The nation’s loss seems to have been Dalgety’s gain, as the town that was almost our capital remains a quiet, historic spot on the Snowy.

Story By Chris Pritchard

Seldom is being an also-ran a cause for celebration. But little Dalgety, in the Snowy Mountains’ rain shadow, revels in almost becoming Australia’s capital. The accepted version of history is that Dalgety, though gazetted for the starring role in 1902, lost out to purpose-built Canberra, which occupied a location officialdom deemed better suited.

Mind you, many locals prefer a different take on history – blaming the water. As this argument runs, the Snowy River’s temperature triggered Canberra’s construction. “Visiting politicians went swimming and declared the river and town too cold – though they thought Dalgety was an otherwise ideal site,” says Richard Cusbert, owner of Buckley’s Crossing Hotel, Dalgety’s pub. He echoes a tale oft-heard in these parts. But the decision to build Canberra allowed Dalgety’s delightful somnolence to endure.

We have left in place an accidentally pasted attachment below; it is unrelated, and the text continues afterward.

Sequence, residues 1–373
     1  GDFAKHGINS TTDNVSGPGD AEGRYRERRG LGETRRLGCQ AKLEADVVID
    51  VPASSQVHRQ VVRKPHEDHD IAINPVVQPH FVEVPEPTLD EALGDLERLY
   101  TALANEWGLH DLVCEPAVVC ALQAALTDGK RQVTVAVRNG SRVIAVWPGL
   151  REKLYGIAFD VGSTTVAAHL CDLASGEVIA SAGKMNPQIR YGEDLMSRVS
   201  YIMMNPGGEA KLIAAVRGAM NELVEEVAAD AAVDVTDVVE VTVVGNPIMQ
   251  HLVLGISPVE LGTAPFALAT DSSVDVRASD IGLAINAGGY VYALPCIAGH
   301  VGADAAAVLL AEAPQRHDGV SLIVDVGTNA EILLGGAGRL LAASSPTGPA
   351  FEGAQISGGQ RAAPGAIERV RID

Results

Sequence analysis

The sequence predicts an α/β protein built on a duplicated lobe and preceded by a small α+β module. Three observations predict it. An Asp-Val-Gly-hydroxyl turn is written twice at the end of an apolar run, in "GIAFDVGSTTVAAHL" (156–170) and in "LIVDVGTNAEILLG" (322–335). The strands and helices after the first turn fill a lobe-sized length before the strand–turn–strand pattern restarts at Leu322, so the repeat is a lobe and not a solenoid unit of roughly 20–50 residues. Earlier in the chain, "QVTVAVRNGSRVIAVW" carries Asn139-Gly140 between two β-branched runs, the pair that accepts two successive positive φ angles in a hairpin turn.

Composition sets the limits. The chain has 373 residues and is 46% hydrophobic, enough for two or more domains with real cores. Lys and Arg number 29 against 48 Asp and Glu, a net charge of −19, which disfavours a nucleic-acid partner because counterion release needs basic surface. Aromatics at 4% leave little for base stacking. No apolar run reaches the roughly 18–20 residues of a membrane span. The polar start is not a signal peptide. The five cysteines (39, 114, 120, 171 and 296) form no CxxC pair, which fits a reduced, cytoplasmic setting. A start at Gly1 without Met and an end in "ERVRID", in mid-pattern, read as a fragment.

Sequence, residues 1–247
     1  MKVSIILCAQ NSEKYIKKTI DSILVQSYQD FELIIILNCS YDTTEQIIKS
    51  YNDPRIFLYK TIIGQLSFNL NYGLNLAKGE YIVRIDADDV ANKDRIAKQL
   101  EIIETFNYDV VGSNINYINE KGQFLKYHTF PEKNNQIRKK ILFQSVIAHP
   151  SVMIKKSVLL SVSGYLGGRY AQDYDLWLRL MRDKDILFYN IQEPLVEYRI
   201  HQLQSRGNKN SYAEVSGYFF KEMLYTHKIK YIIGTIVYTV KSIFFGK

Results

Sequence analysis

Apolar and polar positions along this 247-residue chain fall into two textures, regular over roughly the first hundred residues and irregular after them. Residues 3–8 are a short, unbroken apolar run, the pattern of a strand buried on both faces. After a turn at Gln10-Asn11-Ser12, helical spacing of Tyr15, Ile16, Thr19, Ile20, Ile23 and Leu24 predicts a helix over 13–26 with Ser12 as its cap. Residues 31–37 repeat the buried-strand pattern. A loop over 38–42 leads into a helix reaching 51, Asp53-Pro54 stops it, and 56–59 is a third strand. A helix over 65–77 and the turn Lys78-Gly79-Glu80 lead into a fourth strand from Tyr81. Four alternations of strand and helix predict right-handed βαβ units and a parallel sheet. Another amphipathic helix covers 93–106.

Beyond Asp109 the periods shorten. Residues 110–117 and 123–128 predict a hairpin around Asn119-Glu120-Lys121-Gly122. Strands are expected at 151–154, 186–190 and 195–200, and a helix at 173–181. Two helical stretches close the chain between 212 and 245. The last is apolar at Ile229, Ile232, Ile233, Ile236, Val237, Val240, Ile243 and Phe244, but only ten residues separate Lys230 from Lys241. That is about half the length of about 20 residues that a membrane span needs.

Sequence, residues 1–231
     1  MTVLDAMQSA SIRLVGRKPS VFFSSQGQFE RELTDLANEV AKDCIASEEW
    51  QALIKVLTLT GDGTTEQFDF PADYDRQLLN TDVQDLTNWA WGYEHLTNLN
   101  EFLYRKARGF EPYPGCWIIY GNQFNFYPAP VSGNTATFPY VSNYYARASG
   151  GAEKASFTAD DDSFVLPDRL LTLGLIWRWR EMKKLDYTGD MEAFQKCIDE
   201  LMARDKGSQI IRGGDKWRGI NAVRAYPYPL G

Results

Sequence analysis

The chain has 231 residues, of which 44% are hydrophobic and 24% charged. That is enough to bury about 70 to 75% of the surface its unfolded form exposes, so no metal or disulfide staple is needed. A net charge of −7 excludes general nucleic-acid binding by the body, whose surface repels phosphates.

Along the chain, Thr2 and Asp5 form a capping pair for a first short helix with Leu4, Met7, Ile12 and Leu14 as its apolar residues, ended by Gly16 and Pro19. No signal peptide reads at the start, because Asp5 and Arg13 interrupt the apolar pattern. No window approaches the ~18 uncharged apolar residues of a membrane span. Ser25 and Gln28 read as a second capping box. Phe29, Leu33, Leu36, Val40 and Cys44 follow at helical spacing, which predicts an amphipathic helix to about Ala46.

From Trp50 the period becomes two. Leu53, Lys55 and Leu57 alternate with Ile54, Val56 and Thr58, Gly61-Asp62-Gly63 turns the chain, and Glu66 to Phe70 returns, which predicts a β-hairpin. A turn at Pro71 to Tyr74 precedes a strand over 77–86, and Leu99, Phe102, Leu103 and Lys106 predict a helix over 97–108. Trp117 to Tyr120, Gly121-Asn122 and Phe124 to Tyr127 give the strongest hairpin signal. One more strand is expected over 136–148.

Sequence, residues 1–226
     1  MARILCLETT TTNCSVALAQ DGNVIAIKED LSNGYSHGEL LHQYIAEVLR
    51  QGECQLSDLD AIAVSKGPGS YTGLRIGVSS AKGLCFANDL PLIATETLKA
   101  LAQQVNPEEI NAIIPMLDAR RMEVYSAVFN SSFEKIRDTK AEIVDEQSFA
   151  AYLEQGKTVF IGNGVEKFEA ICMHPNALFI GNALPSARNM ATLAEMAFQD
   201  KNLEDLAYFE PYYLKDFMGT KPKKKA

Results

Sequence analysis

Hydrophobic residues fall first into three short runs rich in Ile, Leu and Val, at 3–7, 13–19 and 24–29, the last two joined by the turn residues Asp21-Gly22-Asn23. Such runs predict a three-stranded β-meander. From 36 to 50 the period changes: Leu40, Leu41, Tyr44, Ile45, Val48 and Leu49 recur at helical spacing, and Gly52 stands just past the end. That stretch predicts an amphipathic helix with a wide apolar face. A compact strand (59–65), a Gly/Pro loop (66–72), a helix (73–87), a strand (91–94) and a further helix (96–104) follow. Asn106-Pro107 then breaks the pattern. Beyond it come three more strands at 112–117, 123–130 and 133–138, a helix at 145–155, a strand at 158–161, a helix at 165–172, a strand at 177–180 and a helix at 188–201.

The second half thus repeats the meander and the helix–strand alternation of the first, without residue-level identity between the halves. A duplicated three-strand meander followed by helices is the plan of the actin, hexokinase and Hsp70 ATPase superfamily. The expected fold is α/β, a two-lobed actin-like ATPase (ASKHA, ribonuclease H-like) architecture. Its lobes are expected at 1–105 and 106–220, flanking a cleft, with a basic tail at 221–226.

This story excerpt is from Issue #105

Outback Magazine: Feb/Mar 2016